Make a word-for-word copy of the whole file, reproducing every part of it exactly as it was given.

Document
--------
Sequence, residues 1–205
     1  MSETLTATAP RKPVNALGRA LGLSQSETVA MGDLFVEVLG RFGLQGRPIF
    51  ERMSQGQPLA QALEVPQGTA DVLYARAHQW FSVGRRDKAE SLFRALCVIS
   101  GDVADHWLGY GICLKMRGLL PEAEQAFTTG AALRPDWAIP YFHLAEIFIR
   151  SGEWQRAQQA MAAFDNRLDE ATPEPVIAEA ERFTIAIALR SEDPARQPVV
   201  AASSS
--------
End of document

Sequence, residues 1–205
     1  MSETLTATAP RKPVNALGRA LGLSQSETVA MGDLFVEVLG RFGLQGRPIF
    51  ERMSQGQPLA QALEVPQGTA DVLYARAHQW FSVGRRDKAE SLFRALCVIS
   101  GDVADHWLGY GICLKMRGLL PEAEQAFTTG AALRPDWAIP YFHLAEIFIR
   151  SGEWQRAQQA MAAFDNRLDE ATPEPVIAEA ERFTIAIALR SEDPARQPVV
   201  AASSS